VENTRICULAR dysfunction (VnD) has been reported after cardiac surgery in 10–20%1–3of patients and has been associated with increased hospital stay and long-term mortality after primary coronary artery bypass graft (CABG) surgery with cardiopulmonary bypass (CPB).2B-type natriuretic peptide (BNP) is a member of the natriuretic peptide family, which includes three structurally homologous peptides: A-type (ANP), BNP, and C-type natriuretic peptides.4ANP and BNP are primarily released from atrial and ventricular myocytes in response to increased cardiac atrial and ventricular wall stress.4C-type natriuretic peptide is released from vascular endothelial cells and other tissues.4Natriuretic peptides bind to two guanylyl cyclase-coupled effector receptors (natriuretic peptide receptors A and B) and a clearance receptor (natriuretic peptide receptor C). In addition to compensatory natriuretic, diuretic, and vasorelaxant properties, natriuretic peptides also have mitigating paracrine influences on myocardial ischemia–reperfusion injury and cardiovascular remodeling.4–14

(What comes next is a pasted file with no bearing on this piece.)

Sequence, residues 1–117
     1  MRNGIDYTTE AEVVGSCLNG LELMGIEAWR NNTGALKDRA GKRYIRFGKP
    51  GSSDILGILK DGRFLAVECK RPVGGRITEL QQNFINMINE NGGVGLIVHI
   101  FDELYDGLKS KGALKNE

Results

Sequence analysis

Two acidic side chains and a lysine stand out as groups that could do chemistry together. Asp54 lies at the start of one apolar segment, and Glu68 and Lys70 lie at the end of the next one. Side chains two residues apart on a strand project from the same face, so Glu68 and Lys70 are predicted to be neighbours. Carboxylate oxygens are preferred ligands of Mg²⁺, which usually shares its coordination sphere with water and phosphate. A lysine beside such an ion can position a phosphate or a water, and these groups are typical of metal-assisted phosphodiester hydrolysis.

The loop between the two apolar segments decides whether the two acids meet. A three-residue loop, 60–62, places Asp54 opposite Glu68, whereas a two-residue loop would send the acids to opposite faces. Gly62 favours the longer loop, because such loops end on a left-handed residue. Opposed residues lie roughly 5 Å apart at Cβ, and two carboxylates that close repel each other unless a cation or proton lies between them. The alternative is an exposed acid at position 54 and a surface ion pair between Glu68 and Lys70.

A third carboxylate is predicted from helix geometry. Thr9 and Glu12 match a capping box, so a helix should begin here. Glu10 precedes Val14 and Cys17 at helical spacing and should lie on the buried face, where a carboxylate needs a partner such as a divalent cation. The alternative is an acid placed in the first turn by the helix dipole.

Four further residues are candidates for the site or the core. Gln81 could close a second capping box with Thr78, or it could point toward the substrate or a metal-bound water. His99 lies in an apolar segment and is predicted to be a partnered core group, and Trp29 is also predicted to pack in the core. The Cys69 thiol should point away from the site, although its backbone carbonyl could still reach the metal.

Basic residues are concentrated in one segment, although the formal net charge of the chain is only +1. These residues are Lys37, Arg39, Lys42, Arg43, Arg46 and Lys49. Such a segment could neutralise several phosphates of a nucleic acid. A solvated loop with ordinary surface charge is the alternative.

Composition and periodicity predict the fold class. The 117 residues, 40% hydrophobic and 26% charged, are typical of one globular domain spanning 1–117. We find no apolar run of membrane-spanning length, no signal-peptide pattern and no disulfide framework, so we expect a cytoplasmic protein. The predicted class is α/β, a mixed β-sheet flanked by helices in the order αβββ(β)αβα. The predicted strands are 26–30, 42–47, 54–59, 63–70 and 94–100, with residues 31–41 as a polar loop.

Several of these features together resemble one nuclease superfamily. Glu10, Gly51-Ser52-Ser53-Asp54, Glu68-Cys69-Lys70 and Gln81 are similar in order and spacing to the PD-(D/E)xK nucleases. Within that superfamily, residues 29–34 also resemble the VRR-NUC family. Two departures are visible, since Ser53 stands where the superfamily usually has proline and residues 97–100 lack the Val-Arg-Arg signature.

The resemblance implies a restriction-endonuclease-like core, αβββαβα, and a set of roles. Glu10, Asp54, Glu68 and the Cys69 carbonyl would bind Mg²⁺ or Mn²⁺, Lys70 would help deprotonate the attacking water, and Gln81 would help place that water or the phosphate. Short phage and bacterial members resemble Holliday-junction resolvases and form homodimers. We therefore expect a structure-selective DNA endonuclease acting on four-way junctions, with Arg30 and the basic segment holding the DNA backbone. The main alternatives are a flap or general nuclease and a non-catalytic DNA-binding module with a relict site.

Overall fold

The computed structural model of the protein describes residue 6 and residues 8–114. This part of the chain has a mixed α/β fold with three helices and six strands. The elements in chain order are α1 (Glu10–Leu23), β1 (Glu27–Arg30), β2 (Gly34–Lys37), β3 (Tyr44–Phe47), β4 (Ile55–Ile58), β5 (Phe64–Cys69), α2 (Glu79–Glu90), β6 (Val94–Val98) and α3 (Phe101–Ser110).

Circulating plasma BNP levels are used to assess the severity of heart failure and myocardial ischemia and to predict adverse outcomes in patients with acute coronary syndromes or undergoing cardiovascular surgery.1,2,15–18Natriuretic peptide system gene variants have been associated with cardiovascular disease states such as hypertension,19–21stroke,22,23and myocardial infarction.24However, to date, the association between natriuretic peptide system gene variants and development of VnD after cardiac surgery with CPB has not been examined. Knowledge of such genotypic predictors may enhance our understanding of the molecular mechanisms underlying postoperative VnD. We thus hypothesized that variants within the natriuretic peptide precursor protein (NPPA, NPPB, NPPC ), receptor (NPR1, NPR2, NPR3 ), and precursor converting enzyme (CORIN ) genes are independently associated with the risk of postoperative VnD in patients of European descent undergoing primary CABG surgery with CPB.
Materials and Methods